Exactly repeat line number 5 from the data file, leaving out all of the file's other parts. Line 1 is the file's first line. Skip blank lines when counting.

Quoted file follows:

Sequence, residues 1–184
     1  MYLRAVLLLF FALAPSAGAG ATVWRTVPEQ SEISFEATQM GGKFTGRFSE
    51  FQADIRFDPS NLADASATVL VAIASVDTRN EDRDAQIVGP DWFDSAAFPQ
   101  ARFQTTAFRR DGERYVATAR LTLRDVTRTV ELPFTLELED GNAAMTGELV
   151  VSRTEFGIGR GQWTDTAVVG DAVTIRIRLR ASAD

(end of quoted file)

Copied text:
   151  VSRTEFGIGR GQWTDTAVVG DAVTIRIRLR ASAD